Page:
The database contains a whopping 84 billion public records on 283 million unique identities, which amounts to an average of around 290 records per identity. Millions of reports are sold annually to a variety of public and private sector entities, such as insurance companies, banks, collection agencies, and so forth.


Additionally, the data it collects is public-friendly. Certain components provided within the Accurint database can also be purchased by everyday individuals who may want to learn what is contained within their own Accurint report, in what is called the Accurint Individal Access Program, a service that is accessible to anyone, as long as they provide the criteria to establish their identity.


This doesn’t mean every person who requests the information from the database has a “dossier.” Instead, the information can be extracted from different records databases and compiled into a report, which is actually less intrusive when compared to the fact of every unique identity in the United States being already profiled, databased, and accessible by everyone other than the subject individual.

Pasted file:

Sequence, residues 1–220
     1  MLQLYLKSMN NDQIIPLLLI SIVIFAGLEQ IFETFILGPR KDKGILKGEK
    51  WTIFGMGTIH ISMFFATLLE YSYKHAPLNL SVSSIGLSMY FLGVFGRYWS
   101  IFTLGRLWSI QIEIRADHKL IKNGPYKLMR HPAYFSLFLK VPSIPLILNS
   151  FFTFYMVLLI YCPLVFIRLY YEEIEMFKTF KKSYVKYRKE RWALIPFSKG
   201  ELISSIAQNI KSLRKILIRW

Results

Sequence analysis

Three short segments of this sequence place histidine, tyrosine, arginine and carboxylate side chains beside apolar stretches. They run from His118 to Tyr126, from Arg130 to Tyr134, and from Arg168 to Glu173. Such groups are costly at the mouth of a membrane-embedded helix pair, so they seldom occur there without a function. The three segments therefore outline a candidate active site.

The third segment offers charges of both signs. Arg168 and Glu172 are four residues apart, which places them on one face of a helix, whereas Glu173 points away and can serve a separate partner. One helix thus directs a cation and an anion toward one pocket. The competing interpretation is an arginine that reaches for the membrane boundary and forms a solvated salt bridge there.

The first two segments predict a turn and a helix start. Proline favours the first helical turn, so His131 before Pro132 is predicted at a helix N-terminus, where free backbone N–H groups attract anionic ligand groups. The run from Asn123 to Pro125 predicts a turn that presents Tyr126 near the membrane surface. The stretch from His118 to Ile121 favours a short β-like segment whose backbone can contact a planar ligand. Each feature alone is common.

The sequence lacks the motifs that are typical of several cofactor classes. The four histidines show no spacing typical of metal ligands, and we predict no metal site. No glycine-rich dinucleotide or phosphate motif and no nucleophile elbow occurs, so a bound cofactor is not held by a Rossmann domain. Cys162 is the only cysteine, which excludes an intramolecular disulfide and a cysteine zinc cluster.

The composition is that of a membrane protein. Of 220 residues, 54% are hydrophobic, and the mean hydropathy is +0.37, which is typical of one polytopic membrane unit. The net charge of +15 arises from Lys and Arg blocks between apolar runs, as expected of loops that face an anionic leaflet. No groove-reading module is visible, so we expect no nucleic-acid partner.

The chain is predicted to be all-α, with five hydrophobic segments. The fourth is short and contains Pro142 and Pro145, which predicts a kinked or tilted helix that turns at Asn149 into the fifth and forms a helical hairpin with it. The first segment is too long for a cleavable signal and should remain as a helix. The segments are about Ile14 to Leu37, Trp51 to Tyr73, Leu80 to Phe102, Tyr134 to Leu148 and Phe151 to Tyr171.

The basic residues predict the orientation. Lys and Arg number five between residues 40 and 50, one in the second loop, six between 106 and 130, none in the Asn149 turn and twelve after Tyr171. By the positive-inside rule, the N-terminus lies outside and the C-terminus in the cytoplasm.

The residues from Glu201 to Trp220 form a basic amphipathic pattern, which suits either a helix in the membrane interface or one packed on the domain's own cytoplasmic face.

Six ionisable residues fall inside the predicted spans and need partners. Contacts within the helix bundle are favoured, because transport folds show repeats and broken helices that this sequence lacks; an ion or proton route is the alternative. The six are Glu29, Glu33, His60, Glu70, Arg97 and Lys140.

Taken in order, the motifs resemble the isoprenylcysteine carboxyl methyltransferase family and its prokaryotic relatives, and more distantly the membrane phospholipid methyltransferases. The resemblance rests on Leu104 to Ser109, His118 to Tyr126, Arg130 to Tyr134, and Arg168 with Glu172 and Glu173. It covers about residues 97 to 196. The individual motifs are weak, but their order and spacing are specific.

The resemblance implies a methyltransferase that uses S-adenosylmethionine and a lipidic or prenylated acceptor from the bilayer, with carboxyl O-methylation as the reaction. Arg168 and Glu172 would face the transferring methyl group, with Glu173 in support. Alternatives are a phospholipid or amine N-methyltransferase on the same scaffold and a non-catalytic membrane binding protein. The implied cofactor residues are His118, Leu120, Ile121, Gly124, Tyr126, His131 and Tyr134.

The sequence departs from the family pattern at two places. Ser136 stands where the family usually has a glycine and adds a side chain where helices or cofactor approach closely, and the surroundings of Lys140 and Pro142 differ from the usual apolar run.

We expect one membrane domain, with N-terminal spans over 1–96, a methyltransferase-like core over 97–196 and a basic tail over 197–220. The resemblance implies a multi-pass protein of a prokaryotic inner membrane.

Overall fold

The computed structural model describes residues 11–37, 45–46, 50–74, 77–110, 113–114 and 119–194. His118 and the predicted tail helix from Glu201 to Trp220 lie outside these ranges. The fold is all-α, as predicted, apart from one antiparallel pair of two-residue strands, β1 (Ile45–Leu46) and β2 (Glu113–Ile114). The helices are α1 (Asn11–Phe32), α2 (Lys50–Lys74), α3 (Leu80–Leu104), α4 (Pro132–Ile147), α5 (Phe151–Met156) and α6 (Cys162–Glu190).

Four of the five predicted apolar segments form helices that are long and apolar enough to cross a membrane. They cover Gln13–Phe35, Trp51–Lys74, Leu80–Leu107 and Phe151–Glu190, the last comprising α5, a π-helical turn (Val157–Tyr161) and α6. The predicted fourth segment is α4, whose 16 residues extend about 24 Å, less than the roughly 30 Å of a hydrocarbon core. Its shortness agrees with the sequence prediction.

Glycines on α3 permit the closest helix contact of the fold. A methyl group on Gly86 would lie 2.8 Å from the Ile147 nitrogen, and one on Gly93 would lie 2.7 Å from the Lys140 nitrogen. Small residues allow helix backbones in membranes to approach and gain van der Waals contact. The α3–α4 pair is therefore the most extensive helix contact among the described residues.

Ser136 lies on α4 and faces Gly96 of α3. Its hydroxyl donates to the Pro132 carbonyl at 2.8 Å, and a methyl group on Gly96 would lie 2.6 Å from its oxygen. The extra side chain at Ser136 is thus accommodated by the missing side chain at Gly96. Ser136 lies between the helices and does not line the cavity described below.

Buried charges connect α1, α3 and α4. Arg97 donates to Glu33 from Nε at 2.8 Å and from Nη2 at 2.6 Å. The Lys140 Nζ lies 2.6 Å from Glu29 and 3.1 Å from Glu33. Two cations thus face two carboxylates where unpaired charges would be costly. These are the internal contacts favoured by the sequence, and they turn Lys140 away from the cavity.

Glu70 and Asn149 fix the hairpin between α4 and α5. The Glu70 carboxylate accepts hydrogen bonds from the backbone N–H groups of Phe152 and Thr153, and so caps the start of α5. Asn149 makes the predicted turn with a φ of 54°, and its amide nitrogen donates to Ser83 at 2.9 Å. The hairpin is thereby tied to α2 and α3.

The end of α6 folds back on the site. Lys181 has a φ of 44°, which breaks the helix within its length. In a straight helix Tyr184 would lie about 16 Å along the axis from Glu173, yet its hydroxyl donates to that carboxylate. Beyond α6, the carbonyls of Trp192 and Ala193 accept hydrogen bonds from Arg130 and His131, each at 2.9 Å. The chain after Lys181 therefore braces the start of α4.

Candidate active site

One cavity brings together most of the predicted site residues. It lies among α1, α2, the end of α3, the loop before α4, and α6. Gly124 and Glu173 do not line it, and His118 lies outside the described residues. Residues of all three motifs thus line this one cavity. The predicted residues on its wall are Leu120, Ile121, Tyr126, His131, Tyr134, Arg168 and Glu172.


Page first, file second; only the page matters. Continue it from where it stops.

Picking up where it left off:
When it comes to tools that help law enforcement locate people, names and residence history alone cannot satisfy the burden weighing on an investigation, especially when you factor in the complex components often involved in, say, attempting to track down a kidnapping suspect and rescue the victim unharmed.

It is important to note that bringing criminals to justice does not encompass the entire scope of the purpose law enforcement serves, even though apprehending guilty parties helps to restore a semblance of balance disrupted by the impact crimes cause on society. The pursuit of justice also serves the interest of the individual people affected by the crimes committed, bringing closure and peace of mind to many.


Imagine another quite common scenario where investigators are tasked with tracking down an individual who fled from the scene of vehicular homicide with minimal information to go on because the suspect has effectively disappeared and his whereabouts are unknown.